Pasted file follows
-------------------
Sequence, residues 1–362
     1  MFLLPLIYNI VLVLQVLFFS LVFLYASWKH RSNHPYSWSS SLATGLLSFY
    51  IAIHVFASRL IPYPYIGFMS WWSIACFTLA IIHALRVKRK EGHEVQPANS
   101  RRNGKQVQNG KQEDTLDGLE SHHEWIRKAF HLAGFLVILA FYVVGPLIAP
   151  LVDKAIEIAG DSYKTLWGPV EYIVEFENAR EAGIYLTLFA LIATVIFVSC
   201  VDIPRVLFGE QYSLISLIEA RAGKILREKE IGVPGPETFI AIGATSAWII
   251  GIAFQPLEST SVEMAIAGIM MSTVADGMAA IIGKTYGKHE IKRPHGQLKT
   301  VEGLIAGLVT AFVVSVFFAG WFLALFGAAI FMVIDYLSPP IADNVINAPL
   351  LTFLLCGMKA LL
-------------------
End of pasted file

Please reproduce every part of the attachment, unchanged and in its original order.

Sequence, residues 1–362
     1  MFLLPLIYNI VLVLQVLFFS LVFLYASWKH RSNHPYSWSS SLATGLLSFY
    51  IAIHVFASRL IPYPYIGFMS WWSIACFTLA IIHALRVKRK EGHEVQPANS
   101  RRNGKQVQNG KQEDTLDGLE SHHEWIRKAF HLAGFLVILA FYVVGPLIAP
   151  LVDKAIEIAG DSYKTLWGPV EYIVEFENAR EAGIYLTLFA LIATVIFVSC
   201  VDIPRVLFGE QYSLISLIEA RAGKILREKE IGVPGPETFI AIGATSAWII
   251  GIAFQPLEST SVEMAIAGIM MSTVADGMAA IIGKTYGKHE IKRPHGQLKT
   301  VEGLIAGLVT AFVVSVFFAG WFLALFGAAI FMVIDYLSPP IADNVINAPL
   351  LTFLLCGMKA LL